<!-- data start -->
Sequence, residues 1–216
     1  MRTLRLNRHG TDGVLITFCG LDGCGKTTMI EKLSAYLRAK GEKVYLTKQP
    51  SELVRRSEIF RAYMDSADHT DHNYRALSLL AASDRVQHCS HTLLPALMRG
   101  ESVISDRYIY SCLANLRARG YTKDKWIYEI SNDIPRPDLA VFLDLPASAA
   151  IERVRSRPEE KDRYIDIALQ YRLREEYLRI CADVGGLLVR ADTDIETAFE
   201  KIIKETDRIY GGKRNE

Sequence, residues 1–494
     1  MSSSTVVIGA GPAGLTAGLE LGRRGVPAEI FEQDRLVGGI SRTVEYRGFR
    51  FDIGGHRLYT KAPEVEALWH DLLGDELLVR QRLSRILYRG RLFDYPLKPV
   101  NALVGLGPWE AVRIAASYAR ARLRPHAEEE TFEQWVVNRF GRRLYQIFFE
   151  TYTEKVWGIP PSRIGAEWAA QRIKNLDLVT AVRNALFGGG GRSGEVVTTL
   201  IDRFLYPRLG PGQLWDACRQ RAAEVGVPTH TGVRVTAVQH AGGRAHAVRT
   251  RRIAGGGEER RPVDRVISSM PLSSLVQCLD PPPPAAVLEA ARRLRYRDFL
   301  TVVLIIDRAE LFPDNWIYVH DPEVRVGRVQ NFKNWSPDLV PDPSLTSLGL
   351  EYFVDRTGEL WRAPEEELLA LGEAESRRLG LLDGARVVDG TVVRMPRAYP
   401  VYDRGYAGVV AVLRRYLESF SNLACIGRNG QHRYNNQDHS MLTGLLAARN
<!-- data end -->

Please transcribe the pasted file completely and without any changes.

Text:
Sequence, residues 1–216
     1  MRTLRLNRHG TDGVLITFCG LDGCGKTTMI EKLSAYLRAK GEKVYLTKQP
    51  SELVRRSEIF RAYMDSADHT DHNYRALSLL AASDRVQHCS HTLLPALMRG
   101  ESVISDRYIY SCLANLRARG YTKDKWIYEI SNDIPRPDLA VFLDLPASAA
   151  IERVRSRPEE KDRYIDIALQ YRLREEYLRI CADVGGLLVR ADTDIETAFE
   201  KIIKETDRIY GGKRNE

Sequence, residues 1–494
     1  MSSSTVVIGA GPAGLTAGLE LGRRGVPAEI FEQDRLVGGI SRTVEYRGFR
    51  FDIGGHRLYT KAPEVEALWH DLLGDELLVR QRLSRILYRG RLFDYPLKPV
   101  NALVGLGPWE AVRIAASYAR ARLRPHAEEE TFEQWVVNRF GRRLYQIFFE
   151  TYTEKVWGIP PSRIGAEWAA QRIKNLDLVT AVRNALFGGG GRSGEVVTTL
   201  IDRFLYPRLG PGQLWDACRQ RAAEVGVPTH TGVRVTAVQH AGGRAHAVRT
   251  RRIAGGGEER RPVDRVISSM PLSSLVQCLD PPPPAAVLEA ARRLRYRDFL
   301  TVVLIIDRAE LFPDNWIYVH DPEVRVGRVQ NFKNWSPDLV PDPSLTSLGL
   351  EYFVDRTGEL WRAPEEELLA LGEAESRRLG LLDGARVVDG TVVRMPRAYP
   401  VYDRGYAGVV AVLRRYLESF SNLACIGRNG QHRYNNQDHS MLTGLLAARN